Eating a healthy diet, being more active and maintaining a healthy weight are the most important ways to protect yourself against cancer, after not smoking.
There is strong evidence that being overweight or obese increases the risk of 12 different types of cancer:
- Breast (post-menopausal)
- Mouth, pharynx and larynx
- Oesophagus (adenocarcinoma)
- Prostate (advanced)
- Stomach (cardia)
How does body weight affect cancer risk?
Fat in the body (adipose tissue) is metabolically active and sends out chemical signals to the rest of the body, helping to control processes such as growth and reproductive cycles. Because fat cells have the ability to influence biological processes in the body, excess fat can have a negative impact on health. Research shows there are several processes contributing to the link between body weight and cancer.
For example, fat cells release hormones such as oestrogen. Excess oestrogen can increase the risk of some cancers, like breast and womb cancer, and promote their growth.
Storing too much fat can cause insulin resistance (where insulin becomes less effective at controlling blood sugar levels), which encourages the body to produce growth factors. High levels of these can promote the growth of cancer cells.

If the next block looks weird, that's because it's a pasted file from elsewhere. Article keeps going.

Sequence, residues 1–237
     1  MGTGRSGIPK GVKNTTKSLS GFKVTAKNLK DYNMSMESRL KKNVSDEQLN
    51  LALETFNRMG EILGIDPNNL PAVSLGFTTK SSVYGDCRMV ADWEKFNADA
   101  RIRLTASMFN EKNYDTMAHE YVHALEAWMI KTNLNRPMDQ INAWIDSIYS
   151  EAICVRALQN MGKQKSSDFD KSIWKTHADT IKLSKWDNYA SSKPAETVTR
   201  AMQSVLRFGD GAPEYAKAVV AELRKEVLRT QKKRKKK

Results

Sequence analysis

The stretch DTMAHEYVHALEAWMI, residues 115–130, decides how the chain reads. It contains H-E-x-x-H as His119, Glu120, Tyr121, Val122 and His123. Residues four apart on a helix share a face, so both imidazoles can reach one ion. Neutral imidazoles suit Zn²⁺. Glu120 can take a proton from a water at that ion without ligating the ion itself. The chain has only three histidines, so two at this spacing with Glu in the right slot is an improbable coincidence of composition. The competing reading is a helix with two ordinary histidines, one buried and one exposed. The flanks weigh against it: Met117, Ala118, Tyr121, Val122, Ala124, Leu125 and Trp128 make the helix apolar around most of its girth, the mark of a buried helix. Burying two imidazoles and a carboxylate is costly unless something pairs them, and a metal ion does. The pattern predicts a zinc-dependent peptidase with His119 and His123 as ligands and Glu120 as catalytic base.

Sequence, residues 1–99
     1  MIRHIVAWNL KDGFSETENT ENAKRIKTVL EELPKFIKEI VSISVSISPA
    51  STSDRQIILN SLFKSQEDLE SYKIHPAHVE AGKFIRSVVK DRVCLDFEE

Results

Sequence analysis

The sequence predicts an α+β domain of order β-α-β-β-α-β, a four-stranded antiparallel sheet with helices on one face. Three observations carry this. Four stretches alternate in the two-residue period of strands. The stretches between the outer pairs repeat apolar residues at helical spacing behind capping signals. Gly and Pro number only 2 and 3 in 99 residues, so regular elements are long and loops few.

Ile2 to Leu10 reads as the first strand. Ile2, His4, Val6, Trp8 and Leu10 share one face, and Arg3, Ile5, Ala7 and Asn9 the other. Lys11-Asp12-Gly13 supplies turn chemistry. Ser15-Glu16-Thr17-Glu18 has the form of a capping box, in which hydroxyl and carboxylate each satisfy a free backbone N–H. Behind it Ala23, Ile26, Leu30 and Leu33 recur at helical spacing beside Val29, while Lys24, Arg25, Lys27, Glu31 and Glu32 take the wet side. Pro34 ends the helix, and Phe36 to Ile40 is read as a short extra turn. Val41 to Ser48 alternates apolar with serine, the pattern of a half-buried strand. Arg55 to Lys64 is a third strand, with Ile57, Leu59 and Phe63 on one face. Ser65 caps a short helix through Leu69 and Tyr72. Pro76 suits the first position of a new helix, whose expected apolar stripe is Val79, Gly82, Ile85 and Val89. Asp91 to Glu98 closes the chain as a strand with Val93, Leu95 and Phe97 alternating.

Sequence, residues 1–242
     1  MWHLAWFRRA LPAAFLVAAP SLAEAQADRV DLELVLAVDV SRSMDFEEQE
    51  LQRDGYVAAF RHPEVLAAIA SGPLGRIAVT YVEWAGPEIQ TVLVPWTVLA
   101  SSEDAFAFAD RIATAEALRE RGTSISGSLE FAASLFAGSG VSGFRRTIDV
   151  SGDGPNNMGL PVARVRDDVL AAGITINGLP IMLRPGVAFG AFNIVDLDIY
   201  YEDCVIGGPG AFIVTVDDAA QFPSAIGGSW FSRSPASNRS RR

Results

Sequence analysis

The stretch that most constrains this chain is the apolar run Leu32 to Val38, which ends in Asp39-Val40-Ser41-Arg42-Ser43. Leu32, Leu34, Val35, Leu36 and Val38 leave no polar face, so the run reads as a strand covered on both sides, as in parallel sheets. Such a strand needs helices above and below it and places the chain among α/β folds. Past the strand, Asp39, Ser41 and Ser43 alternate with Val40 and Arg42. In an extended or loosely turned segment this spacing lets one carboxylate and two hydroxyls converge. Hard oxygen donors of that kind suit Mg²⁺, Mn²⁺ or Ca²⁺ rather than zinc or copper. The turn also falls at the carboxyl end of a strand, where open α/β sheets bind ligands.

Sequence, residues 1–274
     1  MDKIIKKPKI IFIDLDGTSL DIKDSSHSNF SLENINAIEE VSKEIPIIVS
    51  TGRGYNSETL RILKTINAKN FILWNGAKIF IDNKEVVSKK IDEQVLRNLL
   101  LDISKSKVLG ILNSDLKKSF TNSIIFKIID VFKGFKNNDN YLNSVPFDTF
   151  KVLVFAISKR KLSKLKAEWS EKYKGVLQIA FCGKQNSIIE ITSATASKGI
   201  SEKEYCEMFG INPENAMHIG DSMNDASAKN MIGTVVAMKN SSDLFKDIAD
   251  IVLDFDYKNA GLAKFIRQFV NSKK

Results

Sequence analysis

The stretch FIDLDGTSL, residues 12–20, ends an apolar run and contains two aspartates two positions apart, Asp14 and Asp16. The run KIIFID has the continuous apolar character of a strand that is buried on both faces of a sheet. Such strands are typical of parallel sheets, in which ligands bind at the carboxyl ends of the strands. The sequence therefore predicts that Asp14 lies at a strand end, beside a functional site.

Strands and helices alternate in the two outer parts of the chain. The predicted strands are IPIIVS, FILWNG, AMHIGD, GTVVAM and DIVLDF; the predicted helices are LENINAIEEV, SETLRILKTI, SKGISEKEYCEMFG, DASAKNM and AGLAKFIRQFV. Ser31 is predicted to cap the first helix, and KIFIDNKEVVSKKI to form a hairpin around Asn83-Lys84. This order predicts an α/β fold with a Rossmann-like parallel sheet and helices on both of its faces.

Body fat also stimulates a chronic inflammatory response. Chronic inflammation can promote the growth of cancer by encouraging cancer cells to divide. This inflammatory response may underpin the wide variety of different cancers that have been linked to obesity.
Weight matters: keeping healthy in an unhealthy world
This new guide looks at the individual and environmental factors that affect our weight. It’s full of practical, everyday tips and advice to help combat the obesogenic environment we currently live in. It’s an ideal guide for your patients or clients who want to either lose weight or to just stop the pounds from creeping on.